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Prejudices and irrelevancy: the dilemma facing music curricula in many South African universities

By C. Chipendo

Abstract

Some of the music curricula at many universities in South Africa do not adequately address the needs of the Music industry and the indigenous people of that country. On the one hand, it does not adequately prepare students to take up various roles in the modern music industry for it mainly focuses on the academic work and instrumental recitals, yet the modern music industry is not only about performing instruments, but there are other important roles to be fulfilled too. The industry needs qualified personnel to operate music recording studios, market and manage musical groups, music archives, and music libraries among many others. On the other hand, the curriculum is also irrelevant to the majority of the Black students. The teaching of music theories and instrumental performance is generally based on the western genres at the expense of the African ones. Most of the curricula focus on the works of Western composers, such as Haydn, Bach, Mozart and others at the expense of such great composers of music from Africa like the late Lucky Dube, Dorothy Masuka, and Miriam Makebha among many others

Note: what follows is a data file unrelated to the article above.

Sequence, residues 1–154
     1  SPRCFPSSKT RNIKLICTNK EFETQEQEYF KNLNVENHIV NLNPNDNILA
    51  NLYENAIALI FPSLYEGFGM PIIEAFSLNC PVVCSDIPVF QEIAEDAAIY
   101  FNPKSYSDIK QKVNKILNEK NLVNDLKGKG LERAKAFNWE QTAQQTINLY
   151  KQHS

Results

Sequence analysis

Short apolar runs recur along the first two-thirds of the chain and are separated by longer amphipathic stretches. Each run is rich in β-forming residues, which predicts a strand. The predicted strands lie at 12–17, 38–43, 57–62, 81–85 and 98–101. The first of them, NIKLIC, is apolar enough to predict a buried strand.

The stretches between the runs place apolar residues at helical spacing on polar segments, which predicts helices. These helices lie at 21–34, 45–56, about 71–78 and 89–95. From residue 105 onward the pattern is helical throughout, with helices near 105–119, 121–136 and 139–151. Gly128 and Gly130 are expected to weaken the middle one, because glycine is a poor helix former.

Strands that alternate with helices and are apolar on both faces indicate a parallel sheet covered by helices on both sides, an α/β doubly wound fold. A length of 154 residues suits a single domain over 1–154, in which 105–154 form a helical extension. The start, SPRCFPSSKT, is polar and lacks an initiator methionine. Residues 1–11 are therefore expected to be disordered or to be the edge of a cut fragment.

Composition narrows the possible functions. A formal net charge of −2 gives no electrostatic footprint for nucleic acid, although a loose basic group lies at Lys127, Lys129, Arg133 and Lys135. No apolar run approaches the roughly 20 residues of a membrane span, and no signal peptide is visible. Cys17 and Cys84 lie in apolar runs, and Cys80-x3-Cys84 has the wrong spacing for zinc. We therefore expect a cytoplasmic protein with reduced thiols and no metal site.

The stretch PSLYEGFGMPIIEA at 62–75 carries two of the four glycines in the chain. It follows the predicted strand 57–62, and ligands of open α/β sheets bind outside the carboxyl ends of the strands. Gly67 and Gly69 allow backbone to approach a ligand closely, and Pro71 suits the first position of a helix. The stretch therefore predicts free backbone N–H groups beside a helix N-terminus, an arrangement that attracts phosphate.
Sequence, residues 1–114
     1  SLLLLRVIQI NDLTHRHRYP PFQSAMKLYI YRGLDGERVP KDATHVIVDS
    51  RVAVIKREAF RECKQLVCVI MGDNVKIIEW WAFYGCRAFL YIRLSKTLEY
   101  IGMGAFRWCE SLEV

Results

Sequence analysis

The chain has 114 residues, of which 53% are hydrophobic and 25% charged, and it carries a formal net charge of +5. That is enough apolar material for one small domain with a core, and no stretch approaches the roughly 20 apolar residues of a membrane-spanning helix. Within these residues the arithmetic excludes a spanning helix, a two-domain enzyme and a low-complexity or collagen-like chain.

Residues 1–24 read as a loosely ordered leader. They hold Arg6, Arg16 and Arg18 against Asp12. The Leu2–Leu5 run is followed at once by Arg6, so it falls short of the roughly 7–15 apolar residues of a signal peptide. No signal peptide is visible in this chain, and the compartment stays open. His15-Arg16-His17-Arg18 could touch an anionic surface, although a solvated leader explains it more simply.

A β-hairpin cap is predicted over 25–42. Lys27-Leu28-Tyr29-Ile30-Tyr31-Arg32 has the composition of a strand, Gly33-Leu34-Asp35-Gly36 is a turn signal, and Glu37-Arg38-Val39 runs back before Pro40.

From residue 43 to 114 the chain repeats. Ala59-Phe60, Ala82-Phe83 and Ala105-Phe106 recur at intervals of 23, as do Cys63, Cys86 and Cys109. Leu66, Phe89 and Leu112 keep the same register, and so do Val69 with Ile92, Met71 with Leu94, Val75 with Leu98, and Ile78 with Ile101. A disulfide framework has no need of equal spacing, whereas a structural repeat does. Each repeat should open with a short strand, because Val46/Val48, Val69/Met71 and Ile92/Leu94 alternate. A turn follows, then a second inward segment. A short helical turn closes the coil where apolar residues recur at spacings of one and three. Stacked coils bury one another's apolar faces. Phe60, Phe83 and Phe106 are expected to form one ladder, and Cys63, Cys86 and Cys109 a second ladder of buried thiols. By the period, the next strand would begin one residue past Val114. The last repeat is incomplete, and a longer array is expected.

Topics: Curriculum, African music, prejudices, South African universities
Publisher: Midlands State University
Year: 2014
OAI identifier: oai:localhost:11408/686
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